Peer pressure

On: April 18, 2009
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“When Napster told the district court that it had developed a technology to block the transfer of 99.4 percent of identified infringing material, the district court told counsel for Napster 99.4 percent was not good enough. Napster had to push the infringements ‘down to zero’. If 99.4 percent is not good enough, then this is a war on file-sharing technologies, not a war on copyright infringement.” (Lessig,, p.74)

What is the percentage of identified infringing material on the Pirate bay? The discourse whether This portal is illegal or not shouldn’t be that complex. Free Culture, to me, is very important. We have should take the distribution of creativity very seriously! Creativity is the catalyst for inspiration, which in its place, is responsible for the social, political, and commercial development of our cultural identity. P2P – as an infrastructure – is a substantial contribution to the development of our cultural identity. The Pirate Bay (what’s in the name) facilitates this contribution as well! but, this has its influence on the revenue of honest creators. If we accept and normalize an amount of distributed infringing material, then, on the basis of the ratio between illegal and legal distribution, we could determine whether a facilitator operates illegal.

A few questions pop up… What really is illegal, when we accept a system that is old and based upon ‘property’ in a virtual world of endless reproductivity? Does a maximum compressed movie-file, which doesn’t comes near the original quality, is eligible for copyright infringement? Or, why should we prohibit or normalize illegal downloading when we technologically could enforce zero tolerance? Why isn’t the government being held responsible when a car driver is speeding and distrusting cocaine? P2P is held responsible in the same way! In my opinion, if the Pirate bay is excessively violating the norm (not 99.4%) then they should be punished! But what is the norm? Maybe we should be focusing on that!

5 Responses to “Peer pressure”
  • April 19, 2009 at 12:51 pm

    You have pointing out a very good question; exactly what is the norm? And how do old laws of the physical reflect on the digital? One way of dealing with this stuff (instead of being a nagging old large music copyright company) is providing users different options:
    The new album of this band is free for download (hosted by mininova!) and physically for sale for a reasonable price. Result: a very busy release-show…

  • April 19, 2009 at 9:28 pm

    I (and the law) don’t agree that we should determine the fate of a site “on the basis of the ratio between illegal and legal distribution”. The Safe Harbor provision of the DMCA also needs to be protected, regardless of what percentage of material is being uploaded by a site’s users. Of course the Pirate Bay (and others) are taking advantage of Safe Harbor and arguably exceeding whatever “percentage norm” you have in mind…seriously, my guess is more than half their content is illegal, no?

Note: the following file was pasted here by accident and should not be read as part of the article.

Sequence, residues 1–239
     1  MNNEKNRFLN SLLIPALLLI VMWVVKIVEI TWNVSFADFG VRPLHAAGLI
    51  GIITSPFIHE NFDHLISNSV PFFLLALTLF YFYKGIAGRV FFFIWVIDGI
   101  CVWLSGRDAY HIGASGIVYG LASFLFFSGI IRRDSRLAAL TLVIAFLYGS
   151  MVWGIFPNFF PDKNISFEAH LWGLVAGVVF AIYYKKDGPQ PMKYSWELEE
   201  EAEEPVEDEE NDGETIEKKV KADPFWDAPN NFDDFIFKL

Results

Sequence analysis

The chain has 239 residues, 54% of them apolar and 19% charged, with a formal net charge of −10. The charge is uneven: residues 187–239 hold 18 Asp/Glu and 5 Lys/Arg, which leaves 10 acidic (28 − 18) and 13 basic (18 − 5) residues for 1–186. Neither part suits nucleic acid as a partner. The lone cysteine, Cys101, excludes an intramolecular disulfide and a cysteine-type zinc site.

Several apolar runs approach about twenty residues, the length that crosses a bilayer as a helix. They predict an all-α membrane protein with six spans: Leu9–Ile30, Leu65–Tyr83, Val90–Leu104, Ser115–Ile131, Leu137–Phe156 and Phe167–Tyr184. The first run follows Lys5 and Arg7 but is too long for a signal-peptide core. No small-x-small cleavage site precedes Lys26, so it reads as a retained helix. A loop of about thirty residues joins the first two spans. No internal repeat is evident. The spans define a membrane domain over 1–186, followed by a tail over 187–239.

From what I understand, The Pirate Bay was found guilty for “assisting in making copyright content available”, but this really is a gray area as it contradicts Safe Harbor. So with this logic, hopefully their appeal will work itself out.

  • April 19, 2009 at 9:29 pm

    @tjerk….yes the “CC” and free music available by Beep!Beep! is excellent. They’ve torrented their tracks on Mininova, a great example of legal BitTorrenting (aside from NIN, are there other good examples?)

  • April 20, 2009 at 2:48 am

    I am no expert on law, but it seems to evolve around ‘common sense’, right? Is this Northern American common sense (DMCA) – created eleven year ago or some what – still reasonable / viable? Isn’t Copyright law undermined by local administrations? The Swedish copyright appeal could be a precedent-setting case that other countries will follow, but it seems unworkable due to the fact that ‘common sense’ is determined by time and place. That’s why, I think it would be better, first, to determine the damages caused by the infringement on intellectual property. Second, to introduce a special tax based on potential usage (bandwidth). And thirdly, finding a way (common sense) to reimburse the rightful owners / creators. To me, this is a solution, not to the ‘protection’ of copyright, but to the distribution of creativity, without changing into a society of total control and punishment.

  • April 21, 2009 at 2:31 am

    True, copyright is undermined by local law, but in the case of Sweden they uphold a similar safe harbor law as is in the DMCA and TPB tried to protect themselves with this claim.

    While I think that your 3 part solution is somewhat “idealistic”, it is a bit unrealistic considering the amount of time and money that would be necessary just to calculate and distribute all the reimbursements.

    …And I think it is contradictory to your original quote by Lessig – if we want to move forward on issues of copyright infringement we need transformation at the level of the law. Otherwise we will continue to fight these suits case-by-case and reimbursement-by-reimbursement.

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